Don’t worry, we’re told, they will upgrade their networks as they see fit – in other words, when there is no choice they will install better equipment that will meet the needs of the majority of their users. If you corner any member of this group you will find that they are split into two distinct groups. The first group understands that any intelligently run network will always be in a constant state of upgrade as new services and technologies cause new problems at the same time presenting new solutions. Ask this group what they think will happen when VoIP moves into the mainstream and you will get an honest answer (along with an involuntary rolling of the eyes) saying that it will raise hell with their current infrastructure and that it will be expensive for them. The other group is also easy to differentiate, their eyes in stead of rolling will immediately glaze over. They don’t understand these issues, have little comprehension of the technology and are basically just trying to find the light switch in their office so they can shut it off one last time and go home.

There is such a level of short-sightedness to the “Good Enough” network excuse that one has to wonder why it isn’t illegal. Oh, that’s right, it’s their network and it should be their choice as to what level of service they should provide the American public with – not the FCC, not the customer – nobody but them. The hell with what real consequences they are wreaking on our economy or the economy of their hometowns. What they are really doing is prolonging the digital divide and providing a convenient excuse for why they are justified in doing so. If that isn’t enough of an insult they also throw in that we should do business with them because “they are part of the local community and “they care” about us.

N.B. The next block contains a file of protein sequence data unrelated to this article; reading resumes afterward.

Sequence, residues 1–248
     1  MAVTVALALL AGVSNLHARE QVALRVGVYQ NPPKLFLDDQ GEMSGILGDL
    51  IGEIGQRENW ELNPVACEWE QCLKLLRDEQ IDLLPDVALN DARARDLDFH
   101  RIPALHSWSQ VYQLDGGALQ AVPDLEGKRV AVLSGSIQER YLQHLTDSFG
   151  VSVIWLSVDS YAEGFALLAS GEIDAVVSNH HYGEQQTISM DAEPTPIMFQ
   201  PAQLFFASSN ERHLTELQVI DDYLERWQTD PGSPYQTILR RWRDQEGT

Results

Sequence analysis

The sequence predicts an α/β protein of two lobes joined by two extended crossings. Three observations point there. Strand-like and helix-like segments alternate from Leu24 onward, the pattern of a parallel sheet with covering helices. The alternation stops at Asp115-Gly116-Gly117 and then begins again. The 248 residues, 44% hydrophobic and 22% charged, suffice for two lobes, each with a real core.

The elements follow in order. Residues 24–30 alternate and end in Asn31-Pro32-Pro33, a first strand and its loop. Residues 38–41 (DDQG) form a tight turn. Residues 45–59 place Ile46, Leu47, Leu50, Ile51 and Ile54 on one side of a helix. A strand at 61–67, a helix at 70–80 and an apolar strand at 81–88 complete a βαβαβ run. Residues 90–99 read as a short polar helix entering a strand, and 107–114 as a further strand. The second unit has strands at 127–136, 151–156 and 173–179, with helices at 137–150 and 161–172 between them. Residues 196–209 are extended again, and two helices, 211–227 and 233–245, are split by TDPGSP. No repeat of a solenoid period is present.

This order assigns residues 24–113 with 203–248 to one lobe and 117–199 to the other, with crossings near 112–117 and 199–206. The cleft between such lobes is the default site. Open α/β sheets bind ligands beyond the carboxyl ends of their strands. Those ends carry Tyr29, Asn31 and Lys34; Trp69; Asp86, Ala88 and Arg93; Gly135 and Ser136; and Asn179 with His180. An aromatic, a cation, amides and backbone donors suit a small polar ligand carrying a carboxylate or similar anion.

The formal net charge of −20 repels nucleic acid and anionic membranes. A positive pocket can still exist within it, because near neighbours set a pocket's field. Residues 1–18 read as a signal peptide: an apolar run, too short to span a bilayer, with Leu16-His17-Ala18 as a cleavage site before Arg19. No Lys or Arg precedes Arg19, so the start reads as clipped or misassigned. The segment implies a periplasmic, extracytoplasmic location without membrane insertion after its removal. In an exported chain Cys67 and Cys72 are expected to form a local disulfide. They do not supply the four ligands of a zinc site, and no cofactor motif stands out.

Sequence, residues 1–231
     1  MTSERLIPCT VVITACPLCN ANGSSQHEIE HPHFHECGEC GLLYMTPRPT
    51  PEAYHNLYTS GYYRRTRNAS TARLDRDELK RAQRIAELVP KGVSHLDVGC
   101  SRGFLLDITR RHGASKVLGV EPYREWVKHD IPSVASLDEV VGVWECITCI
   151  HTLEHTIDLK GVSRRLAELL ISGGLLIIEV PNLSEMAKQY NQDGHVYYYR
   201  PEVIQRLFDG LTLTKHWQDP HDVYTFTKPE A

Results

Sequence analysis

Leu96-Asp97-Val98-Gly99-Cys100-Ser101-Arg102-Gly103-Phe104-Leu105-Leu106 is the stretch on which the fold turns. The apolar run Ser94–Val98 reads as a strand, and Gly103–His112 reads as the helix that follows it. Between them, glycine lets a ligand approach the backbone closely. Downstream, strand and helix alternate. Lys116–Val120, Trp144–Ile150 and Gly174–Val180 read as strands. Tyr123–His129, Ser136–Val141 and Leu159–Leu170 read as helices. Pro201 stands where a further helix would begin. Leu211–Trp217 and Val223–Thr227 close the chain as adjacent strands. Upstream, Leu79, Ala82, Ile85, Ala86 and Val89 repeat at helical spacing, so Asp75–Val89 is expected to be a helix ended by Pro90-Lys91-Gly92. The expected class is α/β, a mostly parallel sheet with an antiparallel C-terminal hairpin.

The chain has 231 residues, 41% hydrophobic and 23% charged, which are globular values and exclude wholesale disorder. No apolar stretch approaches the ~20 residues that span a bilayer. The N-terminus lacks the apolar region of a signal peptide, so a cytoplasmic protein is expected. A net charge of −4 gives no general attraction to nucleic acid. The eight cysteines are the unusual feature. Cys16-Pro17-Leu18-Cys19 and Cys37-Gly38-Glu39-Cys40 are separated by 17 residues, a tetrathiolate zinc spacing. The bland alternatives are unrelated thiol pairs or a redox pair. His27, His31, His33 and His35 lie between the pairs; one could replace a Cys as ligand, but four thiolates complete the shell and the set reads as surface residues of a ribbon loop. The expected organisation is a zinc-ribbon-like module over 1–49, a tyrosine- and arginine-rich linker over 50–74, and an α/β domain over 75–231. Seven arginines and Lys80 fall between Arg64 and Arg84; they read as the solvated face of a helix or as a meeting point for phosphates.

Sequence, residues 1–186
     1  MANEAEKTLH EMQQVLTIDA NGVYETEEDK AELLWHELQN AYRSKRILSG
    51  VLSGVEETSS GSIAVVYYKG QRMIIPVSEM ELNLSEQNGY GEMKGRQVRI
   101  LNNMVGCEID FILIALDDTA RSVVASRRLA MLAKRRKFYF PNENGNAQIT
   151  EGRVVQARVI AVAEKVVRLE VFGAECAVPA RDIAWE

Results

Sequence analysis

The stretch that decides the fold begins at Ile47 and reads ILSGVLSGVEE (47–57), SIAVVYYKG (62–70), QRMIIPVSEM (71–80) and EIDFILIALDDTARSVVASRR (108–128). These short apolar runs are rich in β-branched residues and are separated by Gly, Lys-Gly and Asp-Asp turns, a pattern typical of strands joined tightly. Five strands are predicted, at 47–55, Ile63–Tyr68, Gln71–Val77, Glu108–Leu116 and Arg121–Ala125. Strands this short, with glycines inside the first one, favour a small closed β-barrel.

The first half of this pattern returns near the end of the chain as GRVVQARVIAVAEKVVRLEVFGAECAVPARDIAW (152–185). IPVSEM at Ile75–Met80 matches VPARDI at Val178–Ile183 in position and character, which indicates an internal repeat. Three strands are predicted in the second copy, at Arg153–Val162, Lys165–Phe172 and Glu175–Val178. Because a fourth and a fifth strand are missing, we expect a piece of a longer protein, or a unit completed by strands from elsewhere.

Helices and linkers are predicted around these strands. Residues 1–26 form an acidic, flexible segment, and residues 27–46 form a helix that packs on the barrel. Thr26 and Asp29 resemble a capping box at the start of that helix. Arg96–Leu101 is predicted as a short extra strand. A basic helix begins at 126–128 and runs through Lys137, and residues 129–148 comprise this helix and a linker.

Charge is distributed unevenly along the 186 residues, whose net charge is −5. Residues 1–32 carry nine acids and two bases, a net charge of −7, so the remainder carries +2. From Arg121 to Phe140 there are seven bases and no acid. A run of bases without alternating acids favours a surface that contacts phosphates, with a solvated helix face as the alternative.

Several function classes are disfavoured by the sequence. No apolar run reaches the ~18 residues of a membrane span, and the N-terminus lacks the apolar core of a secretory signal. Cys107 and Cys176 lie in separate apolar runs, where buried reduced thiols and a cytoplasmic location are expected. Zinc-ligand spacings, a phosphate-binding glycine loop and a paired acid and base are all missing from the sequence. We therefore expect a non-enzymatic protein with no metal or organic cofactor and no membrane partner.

Perhaps the scariest line in today’s world is, “Hi, I’m a local businessperson and I care about you!” I can tell, that’s the very same feeling I get when I listen to audio Valium on hold as a soothing voice tells me that “Your call is important to us. Please continue to hold as the next available operator will be with you shortly.” Shortly – apparently they changed the definition of that word on me and forgot to publicize the change.

4.) The US is too big a country/land mass

This commonly put up excuse is one I keep hearing repeated – usually by people that find it acceptable to “parrot” what someone else said and they thought was important to remember. What I can’t fathom is how they can remember the excuse but somehow missed the thorough debunking that was provided to it on every one of the previous occasions that it was presented.

I can only rationalize this type of belief as another example of somebody completely blocking out any point of view that doesn’t fit in within their scope of understanding. I do understand that this is a human trait, one that we all (yes, me too) sometimes fall into but we all also need to realize that reality is something that will still be there, unchanged, even after everything we try to believe is shown to be false. In fact, I believe that is a very suitable definition for the word reality.

Was our country that much smaller when we decided to bring telecommunications to every last corner of our country, the same telecommunications network that every single one of these service providers connects to? Was the expense of that project so great that we learned to never try to do something like that again? Perhaps it was the rural electrification of our country was something that convinced us that connecting the entire country with a reliable, ultra high speed Internet connections would be far too expensive to attempt. Did all of a sudden everyone forgot the incredible payback we are all still enjoying? Seems to me like the entire country chipped in to bring telecommunications to Odessa, Washington but somehow that has nothing to do with the Internet, these are two completely unrelated services.

This begs to question why we would entrust a service as important as Internet delivery (arguably soon to replace telephone) to any company that doesn’t understand that the net isn’t just a porn delivery service any longer. It boggles the imagination.

5.) We don’t care what the rest of the world is doing!